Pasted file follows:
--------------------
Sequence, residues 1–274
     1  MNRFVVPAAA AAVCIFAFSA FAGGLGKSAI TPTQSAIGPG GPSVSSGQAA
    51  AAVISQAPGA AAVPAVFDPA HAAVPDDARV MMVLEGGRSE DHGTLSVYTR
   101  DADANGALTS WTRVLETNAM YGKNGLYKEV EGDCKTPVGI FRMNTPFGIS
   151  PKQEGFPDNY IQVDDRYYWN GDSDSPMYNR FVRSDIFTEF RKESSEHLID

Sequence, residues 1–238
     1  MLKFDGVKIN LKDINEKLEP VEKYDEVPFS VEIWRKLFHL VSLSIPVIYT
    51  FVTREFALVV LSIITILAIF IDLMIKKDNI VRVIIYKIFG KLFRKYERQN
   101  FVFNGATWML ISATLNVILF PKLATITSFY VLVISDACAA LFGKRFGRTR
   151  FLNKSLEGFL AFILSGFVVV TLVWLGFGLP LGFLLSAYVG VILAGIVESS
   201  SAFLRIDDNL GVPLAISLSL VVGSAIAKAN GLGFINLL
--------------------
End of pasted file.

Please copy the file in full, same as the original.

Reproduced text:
Sequence, residues 1–274
     1  MNRFVVPAAA AAVCIFAFSA FAGGLGKSAI TPTQSAIGPG GPSVSSGQAA
    51  AAVISQAPGA AAVPAVFDPA HAAVPDDARV MMVLEGGRSE DHGTLSVYTR
   101  DADANGALTS WTRVLETNAM YGKNGLYKEV EGDCKTPVGI FRMNTPFGIS
   151  PKQEGFPDNY IQVDDRYYWN GDSDSPMYNR FVRSDIFTEF RKESSEHLID

Sequence, residues 1–238
     1  MLKFDGVKIN LKDINEKLEP VEKYDEVPFS VEIWRKLFHL VSLSIPVIYT
    51  FVTREFALVV LSIITILAIF IDLMIKKDNI VRVIIYKIFG KLFRKYERQN
   101  FVFNGATWML ISATLNVILF PKLATITSFY VLVISDACAA LFGKRFGRTR
   151  FLNKSLEGFL AFILSGFVVV TLVWLGFGLP LGFLLSAYVG VILAGIVESS
   201  SAFLRIDDNL GVPLAISLSL VVGSAIAKAN GLGFINLL